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I'll be using the diagrams here to explain a bit:

https://www.thorlabs.com/newgrouppage9.cfm?objectgroup_id=5393

In dichroic atomic vapor spectroscopy you have a constant longitudinal field through a vapor cell, you send linearly polarized light through the cell, and then measure the output on a photodetector. Because of the Zeeman effect, the energy levels split and you can find different transition frequencies through spectroscopy. So if you probe the cell with linearly polarized light with frequency $f_0$ (say, corresponding to the D1-line of rubidium), then you actually see two red-shifted and blue-shifted absorption peaks; this is because the linearly polarized light can be seen as a superposition of left-handed and right-handed circularly polarized light.

I'm confused because it doesn't seem (or at least, no one has thought it useful to mention) that it's possible to still see the broad central peak at $f_0$ due to linearly polarized light still interacting with the atoms as linearly polarized. Those transitions are still available in terms of frequency differences (since the Zeeman splitting doesn't offset the $m_l = 0$ line), and I don't believe there are selection rules that I'm overlooking, but it would be a convenient explanation if that were the case.

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Good question. If we take the quantization axis to be the magnetic field direction then linearly polarized light propagating along the magnetic field direction is a superposition of $\sigma^+$ and $\sigma^-$. It has no $\pi$ component so it can’t drive the $0\rightarrow 0$ transition you are talking about. However, light which is propagating perpendicular to the magnetic field direction and which is polarized such that the electric field is parallel to the magnetic field is entirely composed of $\pi$ polarized light so it would drive the transition you are considering.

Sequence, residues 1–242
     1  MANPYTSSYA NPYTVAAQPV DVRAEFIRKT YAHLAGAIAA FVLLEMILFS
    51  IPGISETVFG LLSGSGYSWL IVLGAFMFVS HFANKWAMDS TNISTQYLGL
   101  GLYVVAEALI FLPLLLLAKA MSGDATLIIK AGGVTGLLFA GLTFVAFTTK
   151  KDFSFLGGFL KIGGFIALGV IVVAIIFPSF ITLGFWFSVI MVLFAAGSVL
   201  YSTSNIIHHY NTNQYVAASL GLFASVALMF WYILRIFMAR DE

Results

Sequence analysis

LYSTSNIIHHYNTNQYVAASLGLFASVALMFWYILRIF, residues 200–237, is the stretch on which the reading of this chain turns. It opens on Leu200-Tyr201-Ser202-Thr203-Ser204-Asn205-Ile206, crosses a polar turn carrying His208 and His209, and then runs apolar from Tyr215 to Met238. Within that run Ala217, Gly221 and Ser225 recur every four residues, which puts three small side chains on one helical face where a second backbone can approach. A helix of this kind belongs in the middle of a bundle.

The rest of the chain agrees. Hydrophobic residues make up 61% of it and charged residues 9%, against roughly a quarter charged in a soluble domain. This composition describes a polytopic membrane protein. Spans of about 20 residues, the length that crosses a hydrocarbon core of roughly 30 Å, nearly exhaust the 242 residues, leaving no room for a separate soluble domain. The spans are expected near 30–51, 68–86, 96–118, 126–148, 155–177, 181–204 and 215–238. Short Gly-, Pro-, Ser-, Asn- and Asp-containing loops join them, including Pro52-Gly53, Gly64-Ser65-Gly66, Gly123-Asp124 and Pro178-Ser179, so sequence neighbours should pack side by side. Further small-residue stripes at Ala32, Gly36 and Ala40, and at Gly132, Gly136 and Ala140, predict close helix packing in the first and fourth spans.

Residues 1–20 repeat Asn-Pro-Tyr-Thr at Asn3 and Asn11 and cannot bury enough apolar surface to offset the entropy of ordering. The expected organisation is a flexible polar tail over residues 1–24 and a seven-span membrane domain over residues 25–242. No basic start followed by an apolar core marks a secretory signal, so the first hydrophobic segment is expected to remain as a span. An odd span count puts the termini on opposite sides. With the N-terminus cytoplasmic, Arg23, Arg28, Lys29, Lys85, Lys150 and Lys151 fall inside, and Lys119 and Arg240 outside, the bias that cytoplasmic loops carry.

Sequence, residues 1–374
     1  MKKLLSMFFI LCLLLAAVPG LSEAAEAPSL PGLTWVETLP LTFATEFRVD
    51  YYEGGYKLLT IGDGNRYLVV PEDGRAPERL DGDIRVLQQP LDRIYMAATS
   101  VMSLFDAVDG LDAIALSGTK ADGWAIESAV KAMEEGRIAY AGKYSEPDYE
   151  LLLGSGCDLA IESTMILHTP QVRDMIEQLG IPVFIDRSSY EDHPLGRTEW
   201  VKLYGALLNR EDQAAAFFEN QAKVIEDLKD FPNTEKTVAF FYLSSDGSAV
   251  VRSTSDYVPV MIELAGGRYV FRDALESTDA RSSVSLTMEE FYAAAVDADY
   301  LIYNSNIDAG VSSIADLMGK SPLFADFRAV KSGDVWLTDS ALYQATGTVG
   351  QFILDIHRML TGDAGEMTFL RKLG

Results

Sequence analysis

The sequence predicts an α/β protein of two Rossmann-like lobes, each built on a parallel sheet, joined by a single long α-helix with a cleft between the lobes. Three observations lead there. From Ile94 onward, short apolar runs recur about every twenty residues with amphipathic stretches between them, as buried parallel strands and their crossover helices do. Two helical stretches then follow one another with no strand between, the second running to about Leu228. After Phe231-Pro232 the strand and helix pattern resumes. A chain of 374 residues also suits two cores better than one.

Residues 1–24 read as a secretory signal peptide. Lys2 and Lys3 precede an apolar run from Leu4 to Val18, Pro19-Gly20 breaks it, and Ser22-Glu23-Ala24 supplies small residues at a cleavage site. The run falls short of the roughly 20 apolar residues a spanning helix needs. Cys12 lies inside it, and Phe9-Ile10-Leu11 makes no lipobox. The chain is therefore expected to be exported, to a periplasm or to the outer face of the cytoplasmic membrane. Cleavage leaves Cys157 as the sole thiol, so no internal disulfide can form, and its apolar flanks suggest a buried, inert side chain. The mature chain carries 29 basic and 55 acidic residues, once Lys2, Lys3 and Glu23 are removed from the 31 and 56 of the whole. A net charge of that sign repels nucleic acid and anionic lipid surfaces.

It is a common confusion that circularly polarized light is always $\sigma$ light and linearly polarized light is always $\pi$ Light but this is not the case. The definition of $\sigma^{\pm}$ and $\pi$ light depends on the choice of quantization axis. When I’m at a computer I will link two answers that explain this in more detail.

TLDR: geometry matters when it comes to polarization and selection rules.

Some other relevant questions and answers:

$\pi, ~\sigma$ - atomic transitions with respect to a quantization axis

$\pi$, $\sigma$ - atomic transitions with respect to the magnetic field axis

$\pi$, $\sigma^\pm$ components with no magnetic field?

The definition of a $\pi$ polarized photon?

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Single photons have spin of $\pm 1$ along the direction of motion. So fundamentally a photon is circularly polarised. This is why the spectrum has selection rules. Based on the conservation of angular momentum.

This would mean that $m_l= 0\to m_l=0$ transitions are forbidden because they don’t conserve angular momentum. So each transition to an $n,l$ level will have slightly different energies for different $m_l$ values.

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